Remembering Michael Crichton

The great popularizer of hard science, Michael Crichton, died yesterday. In his books, millions of readers were introduced to scientific concepts such as cloning, the spread of new diseases, nanoassembly, deep-sea exploration, quantum computing and the discussion around climate change. From a note to fans on

Through his books, Michael Crichton served as an inspiration to students of all ages, challenged scientists in many fields, and illuminated the mysteries of the world in a way we could all understand.

That was a special thing about his books: he truly cared that we, the general reader, understood what he was talking about. With his combination of scientific rigor and storytelling chops — and his deep and abiding concern for what’s next in science and tech, and the unintended consequences they might bring — it’s not surprising that Crichton spoke at a very early TED Conference, at TED3 in February 1992. We’re hoping to bring this talk to you soon.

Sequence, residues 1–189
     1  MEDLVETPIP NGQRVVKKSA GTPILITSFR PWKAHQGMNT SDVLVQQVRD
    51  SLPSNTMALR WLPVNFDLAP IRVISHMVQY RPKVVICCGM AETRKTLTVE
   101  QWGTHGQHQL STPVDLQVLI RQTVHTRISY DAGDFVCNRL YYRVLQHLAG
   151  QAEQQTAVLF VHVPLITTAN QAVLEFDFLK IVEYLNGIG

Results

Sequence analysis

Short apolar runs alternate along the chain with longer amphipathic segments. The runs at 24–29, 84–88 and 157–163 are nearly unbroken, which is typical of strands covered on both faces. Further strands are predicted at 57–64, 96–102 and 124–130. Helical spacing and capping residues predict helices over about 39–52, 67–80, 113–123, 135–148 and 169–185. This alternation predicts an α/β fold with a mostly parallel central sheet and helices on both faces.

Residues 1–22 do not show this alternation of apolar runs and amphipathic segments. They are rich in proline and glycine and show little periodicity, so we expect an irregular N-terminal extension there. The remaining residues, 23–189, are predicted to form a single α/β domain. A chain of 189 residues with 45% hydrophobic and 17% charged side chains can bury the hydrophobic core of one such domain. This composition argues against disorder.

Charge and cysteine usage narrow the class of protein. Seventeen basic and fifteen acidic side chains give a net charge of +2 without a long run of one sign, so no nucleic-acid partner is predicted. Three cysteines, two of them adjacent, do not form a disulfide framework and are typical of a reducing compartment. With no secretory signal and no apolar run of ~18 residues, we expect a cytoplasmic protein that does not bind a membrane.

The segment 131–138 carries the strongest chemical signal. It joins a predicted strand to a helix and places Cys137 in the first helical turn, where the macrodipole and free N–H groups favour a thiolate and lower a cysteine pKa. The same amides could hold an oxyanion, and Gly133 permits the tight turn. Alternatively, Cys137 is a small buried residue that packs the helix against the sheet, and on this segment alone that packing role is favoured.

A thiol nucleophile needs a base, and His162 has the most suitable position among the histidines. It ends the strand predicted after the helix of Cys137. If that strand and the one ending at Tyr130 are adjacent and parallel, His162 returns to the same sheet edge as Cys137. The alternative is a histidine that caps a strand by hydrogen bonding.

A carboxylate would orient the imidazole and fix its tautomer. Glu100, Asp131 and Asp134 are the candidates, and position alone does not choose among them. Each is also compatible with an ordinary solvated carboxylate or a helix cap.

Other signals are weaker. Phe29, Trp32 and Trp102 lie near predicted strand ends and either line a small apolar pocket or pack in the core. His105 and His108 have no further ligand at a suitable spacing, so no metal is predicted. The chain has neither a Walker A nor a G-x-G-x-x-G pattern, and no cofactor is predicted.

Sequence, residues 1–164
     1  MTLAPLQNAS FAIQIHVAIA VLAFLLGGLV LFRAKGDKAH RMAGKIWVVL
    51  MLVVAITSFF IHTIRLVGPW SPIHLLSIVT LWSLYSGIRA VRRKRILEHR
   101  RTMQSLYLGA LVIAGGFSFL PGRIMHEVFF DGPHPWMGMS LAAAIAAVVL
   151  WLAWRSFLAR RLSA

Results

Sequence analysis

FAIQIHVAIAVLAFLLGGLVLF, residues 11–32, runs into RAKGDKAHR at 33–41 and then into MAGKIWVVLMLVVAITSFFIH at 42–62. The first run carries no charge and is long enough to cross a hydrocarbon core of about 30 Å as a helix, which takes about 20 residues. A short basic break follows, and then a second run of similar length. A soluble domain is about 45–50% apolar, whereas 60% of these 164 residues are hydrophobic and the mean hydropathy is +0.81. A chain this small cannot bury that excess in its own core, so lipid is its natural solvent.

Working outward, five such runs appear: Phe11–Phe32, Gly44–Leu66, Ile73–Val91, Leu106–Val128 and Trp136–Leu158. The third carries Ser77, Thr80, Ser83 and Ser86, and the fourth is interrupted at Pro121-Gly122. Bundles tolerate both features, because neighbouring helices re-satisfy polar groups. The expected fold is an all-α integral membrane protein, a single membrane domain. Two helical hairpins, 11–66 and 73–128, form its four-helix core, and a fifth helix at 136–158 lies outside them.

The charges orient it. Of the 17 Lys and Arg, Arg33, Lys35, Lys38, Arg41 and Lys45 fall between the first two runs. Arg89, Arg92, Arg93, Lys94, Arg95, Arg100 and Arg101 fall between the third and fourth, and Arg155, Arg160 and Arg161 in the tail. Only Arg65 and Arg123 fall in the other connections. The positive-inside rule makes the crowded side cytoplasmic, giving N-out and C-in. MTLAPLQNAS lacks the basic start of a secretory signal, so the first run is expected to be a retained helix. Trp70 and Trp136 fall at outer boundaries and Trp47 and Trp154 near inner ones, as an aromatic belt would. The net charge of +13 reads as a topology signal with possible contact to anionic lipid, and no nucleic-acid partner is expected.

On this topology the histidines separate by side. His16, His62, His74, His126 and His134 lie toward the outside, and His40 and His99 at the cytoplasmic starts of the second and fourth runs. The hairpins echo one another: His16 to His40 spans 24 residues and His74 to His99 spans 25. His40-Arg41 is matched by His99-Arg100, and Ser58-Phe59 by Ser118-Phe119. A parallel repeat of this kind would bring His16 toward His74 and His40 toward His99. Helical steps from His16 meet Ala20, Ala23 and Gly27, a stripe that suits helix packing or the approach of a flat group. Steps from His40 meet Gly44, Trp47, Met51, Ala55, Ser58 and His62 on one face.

Meanwhile, here’s a selected playlist of TEDTalks in the spirit of Michael Crichton:

+ Craig Venter’s “On the Verge of Creating Synthetic Life“: Bold ideas about what is coming up next, and a walk through the consequences they may bring
+ Larry Brilliant’s TED Prize wish: “Help Stop the Next Pandemic“: A vision to build a worldwide system to understand and stop new diseases and disasters
+ Robert Ballard’s “Exploring the World’s Oceans“: Pure enthusiasm for sharing scientific discoveries — and an inspiration for the next generation to discover even more